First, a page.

the tinnitus cop

20 August 2015 - psychanalyse

To hear or not to hear, that is the question.

A Staffordshire copper is threatening to sue a gay nightclub in Stoke onTrent after claiming his hearing was damaged by a burglar alarm. PC Darren Belford was responding to a suspected breakin at a club called Gossip which he says caused him to suffer tinnitus and hearing loss because the alarm was set to an ‘unsafe level’.

Hunky PC Belford, who sports a Sons Of Anarchy style tattoo across his chest and looks as if he could get a job as an exotic dancer at the club, has instructed lawyers to pursue a case for damages. Full article here.

The facts appear frivolous and irrational. Yet, thanks to Freud, we know that the irrational has an underlying logic, i.e. an underlying jouissance, singular to a subject, although he will initially claim not to know anything about it. After all, ignorance is a passion.

In this particular story, the elements which seem to me to stand out forming a constellation are: Hearing, Loss of hearing, Sound alarm, Gay, Gossip, Tinnitus, Unsafe.

Let’s say that the inverted message which came back to him on the question of his own sexual jouissance was not to his liking.

Thanks to a medium friend of mine, I was able to get in touch with the spirit of Karl Abraham, who told me this:

The so-called “seeking for pension” of many men injured in the war is as little explained by means of the current ideas on the matter as the symptoms of the neurosis. This also stands in connection with the alterations of the sexual hunger (libido), just as do the neurotic symptoms. The patient only apparently fights for compensation for the stiffened wrist, for the shot-off finger, for his neurotic trouble. It is quite overlooked as a rule that the neurotic inwardly perceives the alteration which has taken place as regards his sexual hunger (libido). He is filled with the feeling of an enormous injury. And he is so far right when he actually has suffered loss from his capability for transference of his sexual hunger (libido) and therewith an important basis of the belief in himself.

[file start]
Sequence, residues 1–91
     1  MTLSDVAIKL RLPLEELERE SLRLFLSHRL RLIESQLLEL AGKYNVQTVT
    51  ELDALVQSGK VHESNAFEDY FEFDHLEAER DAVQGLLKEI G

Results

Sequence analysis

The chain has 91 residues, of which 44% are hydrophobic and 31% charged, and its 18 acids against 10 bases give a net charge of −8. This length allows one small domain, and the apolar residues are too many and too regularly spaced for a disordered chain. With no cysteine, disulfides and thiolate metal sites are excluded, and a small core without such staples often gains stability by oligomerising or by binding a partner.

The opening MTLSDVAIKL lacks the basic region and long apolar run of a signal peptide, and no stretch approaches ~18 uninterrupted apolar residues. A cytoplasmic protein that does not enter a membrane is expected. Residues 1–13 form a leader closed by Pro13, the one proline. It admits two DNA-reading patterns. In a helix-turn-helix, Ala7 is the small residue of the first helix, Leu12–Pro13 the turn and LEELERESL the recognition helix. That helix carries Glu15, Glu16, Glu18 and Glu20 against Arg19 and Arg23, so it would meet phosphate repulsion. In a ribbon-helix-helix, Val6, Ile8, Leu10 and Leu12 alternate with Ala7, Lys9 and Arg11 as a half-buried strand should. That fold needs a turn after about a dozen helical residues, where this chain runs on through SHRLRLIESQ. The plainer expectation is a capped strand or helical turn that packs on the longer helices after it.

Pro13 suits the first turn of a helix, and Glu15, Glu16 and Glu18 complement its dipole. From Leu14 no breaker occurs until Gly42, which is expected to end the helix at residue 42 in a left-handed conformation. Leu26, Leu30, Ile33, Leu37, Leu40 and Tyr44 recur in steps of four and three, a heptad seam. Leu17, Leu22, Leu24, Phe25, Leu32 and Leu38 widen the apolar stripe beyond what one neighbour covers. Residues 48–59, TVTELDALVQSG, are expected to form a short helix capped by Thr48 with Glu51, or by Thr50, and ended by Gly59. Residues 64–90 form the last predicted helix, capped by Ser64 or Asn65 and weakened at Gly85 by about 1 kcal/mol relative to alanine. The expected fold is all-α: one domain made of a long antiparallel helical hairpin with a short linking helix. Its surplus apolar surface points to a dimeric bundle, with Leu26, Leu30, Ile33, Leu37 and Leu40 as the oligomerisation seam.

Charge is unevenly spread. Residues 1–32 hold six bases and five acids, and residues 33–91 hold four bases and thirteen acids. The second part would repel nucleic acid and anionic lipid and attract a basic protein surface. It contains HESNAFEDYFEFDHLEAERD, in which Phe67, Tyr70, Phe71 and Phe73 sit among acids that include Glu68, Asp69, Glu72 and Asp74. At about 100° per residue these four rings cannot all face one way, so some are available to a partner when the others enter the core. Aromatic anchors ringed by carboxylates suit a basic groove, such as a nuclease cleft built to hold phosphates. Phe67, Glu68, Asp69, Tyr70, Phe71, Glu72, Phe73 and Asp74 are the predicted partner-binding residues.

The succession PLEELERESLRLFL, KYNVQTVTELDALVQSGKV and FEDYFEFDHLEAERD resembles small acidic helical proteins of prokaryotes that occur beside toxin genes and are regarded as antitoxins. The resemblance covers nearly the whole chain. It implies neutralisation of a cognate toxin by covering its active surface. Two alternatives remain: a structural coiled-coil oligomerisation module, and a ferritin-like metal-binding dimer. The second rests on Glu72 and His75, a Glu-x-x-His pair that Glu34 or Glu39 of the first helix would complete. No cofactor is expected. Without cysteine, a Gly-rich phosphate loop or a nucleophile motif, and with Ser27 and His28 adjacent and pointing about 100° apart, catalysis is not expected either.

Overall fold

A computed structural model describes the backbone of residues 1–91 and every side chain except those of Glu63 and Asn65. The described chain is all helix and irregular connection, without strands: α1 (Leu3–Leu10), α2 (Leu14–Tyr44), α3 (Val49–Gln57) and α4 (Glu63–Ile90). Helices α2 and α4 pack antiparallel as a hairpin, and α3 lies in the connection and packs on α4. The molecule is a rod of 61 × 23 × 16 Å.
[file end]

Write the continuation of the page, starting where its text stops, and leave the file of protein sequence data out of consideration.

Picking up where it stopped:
A man injured by an accident before the war once told me that he had come to an agreement with his insurance company for a definite compensation. Hardly had this occurred when the thought came to him that this sum did not even remotely cover his actual injury. Henceforth the sum which according to his idea he ought to have claimed rapidly rose to an enormous amount. The pension compensates only for the diminution of the capacity for earning a livelihood, so far as this is objectively demonstrable, not for that which the patient subjectively feels; he cannot be compensated for his reduced capacity for object-love.

Narcissism also explains here the conduct of the patients. Where previously the capability of surrender (in every sense of the word) existed, now the narcissistic avarice dominates. The genital zone has lost its predominance; anal elitism is strengthened. It is clear that the state pension favours the development of the character traits described; this only takes place, however, when the tendency already exists in the injured person to react unrealistically to an external injury to his integrity.

(From: Symposium on Psychoanalysis and The War Neuroses, held at the Fifth International Psycho-Analytical Congress, Budapest, September 1918, in The International Psycho-Analytical Library, No 2, Ed. Ernest Jones, 1921).

It would seem that the cop’s mirror image got punctured, hence his demand for compensation. Because the club was empty, perhaps? So, Mister Cop, how much? Village People might be able to help.

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